Less than a year after launching Anime Strike, a branded subscription streaming video on demand service, Amazon (NASDAQ: AMZN) has shut down the service, reports Kotaku. Amazon launched Anime Strike last January to Amazon Prime members in the U.S. for $4.99 a month, following a seven-day free trial. The ad-free subscription offered more than 1,000 episodes of popular anime series from Japan, as well as exclusives, action series, top movies and dubbed series, including Blue Exorcist: Kyoto Saga, The Great Passage, Chi’s Sweet Adventure and Parasyte.
Subscribers to Anime Strike can now access those same programs for free with their Amazon Prime membership, saving close to $60 a year. If they are not Prime members, they can subscribe to Prime Video for $8.25 a month to watch their favorite anime programs.
When Amazon originally launched Anime Strike, Amazon vice president Michael Paull said they felt the anime audience in the U.S. was sizable and underserved.
‘With anime in particular, there’s a strong, passionate audience that is underserved by traditional pay TV,’ Paull said at the time. ‘We tend to focus on our customers and their needs, and our big difference is that we’re using the data we have as Amazon to know the type of programming that would excite our audience.’
Why the big change? While Amazon was vague about their reasoning, we presume that the channel turned out not to be as popular as originally thought. When Kotaku asked Amazon for a comment, they were told, ‘We have decided to move the curated catalogs of Anime Strike and [Bollywood channel] Heera into Prime Video so that more customers can enjoy this content as part of their Prime membership.’
Amazon competed with services like Crunchyroll and Funimation. Crunchyroll offers a free membership as well as two premium memberships, priced at $6.95 and $11.95 per month, respectively, to get ad-free access to all anime, drama and manga, along with other perks. Funimation offers a similar ad-free anime subscription for $5.99 a month, or $59.99 a year, following a free trial, as well as an ad-supported, free anime streaming service.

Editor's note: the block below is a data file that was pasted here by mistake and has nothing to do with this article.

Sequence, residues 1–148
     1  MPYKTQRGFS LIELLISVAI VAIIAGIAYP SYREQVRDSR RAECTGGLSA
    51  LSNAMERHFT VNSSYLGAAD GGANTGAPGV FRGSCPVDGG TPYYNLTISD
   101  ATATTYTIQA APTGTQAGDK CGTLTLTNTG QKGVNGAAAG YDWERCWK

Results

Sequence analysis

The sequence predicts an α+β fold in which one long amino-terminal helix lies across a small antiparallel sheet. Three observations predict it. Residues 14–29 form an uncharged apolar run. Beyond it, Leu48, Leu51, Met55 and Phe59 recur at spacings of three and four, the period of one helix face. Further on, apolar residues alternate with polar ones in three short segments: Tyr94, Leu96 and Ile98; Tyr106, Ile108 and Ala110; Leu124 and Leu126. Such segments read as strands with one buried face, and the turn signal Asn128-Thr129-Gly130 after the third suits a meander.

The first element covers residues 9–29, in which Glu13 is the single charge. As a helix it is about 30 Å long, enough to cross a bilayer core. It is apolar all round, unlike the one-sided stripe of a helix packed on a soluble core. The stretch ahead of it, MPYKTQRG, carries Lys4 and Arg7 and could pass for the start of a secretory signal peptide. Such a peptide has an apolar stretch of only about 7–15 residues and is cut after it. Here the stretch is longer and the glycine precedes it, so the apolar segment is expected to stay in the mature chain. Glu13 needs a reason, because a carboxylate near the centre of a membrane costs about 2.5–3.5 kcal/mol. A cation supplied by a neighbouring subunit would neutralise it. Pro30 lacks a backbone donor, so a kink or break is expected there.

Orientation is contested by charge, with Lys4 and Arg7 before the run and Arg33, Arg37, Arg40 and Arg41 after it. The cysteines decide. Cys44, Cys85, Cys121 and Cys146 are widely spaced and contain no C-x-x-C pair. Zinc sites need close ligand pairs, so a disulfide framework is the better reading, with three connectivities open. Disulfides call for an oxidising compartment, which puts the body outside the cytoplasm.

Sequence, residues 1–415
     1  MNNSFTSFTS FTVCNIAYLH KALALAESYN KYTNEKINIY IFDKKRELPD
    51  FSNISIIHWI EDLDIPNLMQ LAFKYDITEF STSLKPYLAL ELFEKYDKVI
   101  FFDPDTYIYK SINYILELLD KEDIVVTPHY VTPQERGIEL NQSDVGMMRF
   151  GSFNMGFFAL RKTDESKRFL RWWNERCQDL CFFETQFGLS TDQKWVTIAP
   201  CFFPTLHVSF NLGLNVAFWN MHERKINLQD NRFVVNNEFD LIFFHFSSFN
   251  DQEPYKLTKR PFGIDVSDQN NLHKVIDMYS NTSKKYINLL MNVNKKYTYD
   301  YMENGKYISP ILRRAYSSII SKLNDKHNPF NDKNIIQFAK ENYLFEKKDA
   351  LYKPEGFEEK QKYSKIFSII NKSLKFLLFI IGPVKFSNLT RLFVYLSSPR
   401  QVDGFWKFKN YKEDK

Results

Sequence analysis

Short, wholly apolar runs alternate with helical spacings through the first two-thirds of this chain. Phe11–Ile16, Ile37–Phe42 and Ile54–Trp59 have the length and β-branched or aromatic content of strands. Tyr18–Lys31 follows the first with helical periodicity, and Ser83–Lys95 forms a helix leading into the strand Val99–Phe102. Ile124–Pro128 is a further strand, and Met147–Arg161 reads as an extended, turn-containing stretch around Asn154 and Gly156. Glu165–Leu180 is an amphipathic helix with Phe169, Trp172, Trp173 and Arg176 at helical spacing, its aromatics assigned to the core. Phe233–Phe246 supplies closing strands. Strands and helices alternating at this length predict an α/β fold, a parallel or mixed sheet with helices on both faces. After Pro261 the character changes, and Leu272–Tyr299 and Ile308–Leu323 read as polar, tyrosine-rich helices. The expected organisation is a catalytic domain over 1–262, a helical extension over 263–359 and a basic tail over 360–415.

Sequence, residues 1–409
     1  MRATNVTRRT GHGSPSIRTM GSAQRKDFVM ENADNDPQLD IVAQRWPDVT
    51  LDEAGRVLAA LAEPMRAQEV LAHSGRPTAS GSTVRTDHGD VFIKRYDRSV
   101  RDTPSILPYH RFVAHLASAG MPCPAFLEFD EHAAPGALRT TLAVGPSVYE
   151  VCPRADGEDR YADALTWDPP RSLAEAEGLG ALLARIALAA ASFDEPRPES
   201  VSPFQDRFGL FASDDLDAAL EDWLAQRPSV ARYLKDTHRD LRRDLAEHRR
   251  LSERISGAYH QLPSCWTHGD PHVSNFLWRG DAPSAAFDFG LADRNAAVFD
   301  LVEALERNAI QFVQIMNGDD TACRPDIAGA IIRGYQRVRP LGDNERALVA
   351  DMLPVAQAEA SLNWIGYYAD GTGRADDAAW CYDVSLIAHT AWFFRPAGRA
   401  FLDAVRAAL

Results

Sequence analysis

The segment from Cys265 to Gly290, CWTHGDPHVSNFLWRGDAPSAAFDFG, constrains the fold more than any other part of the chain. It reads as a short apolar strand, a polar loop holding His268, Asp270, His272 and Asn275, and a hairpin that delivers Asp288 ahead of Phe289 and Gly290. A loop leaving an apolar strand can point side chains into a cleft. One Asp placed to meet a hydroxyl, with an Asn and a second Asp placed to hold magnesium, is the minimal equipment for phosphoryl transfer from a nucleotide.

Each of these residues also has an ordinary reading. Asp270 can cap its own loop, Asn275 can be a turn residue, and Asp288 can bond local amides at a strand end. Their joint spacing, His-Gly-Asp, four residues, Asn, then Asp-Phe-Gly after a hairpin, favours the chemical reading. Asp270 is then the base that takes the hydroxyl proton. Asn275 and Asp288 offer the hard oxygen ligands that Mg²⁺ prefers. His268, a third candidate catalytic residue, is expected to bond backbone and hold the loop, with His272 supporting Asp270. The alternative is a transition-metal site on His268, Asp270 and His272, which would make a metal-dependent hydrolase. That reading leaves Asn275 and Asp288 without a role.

According to SlashGear, this is a good thing for anime fans in the U.S. who were essentially hitting two paywalls to access the exclusive anime programming available on Amazon. First, they had to be Prime members, and then they had to subscribe to Anime Strike. Now they can just be Prime members or subscribe to Prime Video only to access their favorite anime programs.
It is interesting to note that Amazon felt its data supported the idea of a separate anime streaming video on demand service as a stand-alone anime Amazon Channel. That must not have been the case for Amazon to bail on the idea, just one year in. That said, Amazon is willing to take risks to try new products and services, and to tweak or discontinue them if they aren’t working. The latter seems to be the case here.
Anime Strike isn’t the only niche-based streaming video on demand channel to be shuttered recently. Last year at least three niche services – Fullscreen, Comic-Con HQ and Seeso – shut down because either the expected market wasn’t there, or the customer and content acquisition costs were too significant to make the model sustainable. It seems the more successful streaming video on demand services suit general audience tastes like Netflix, Hulu and CBS All Access or cater to a very specific and very large niche audience like the WWE Network.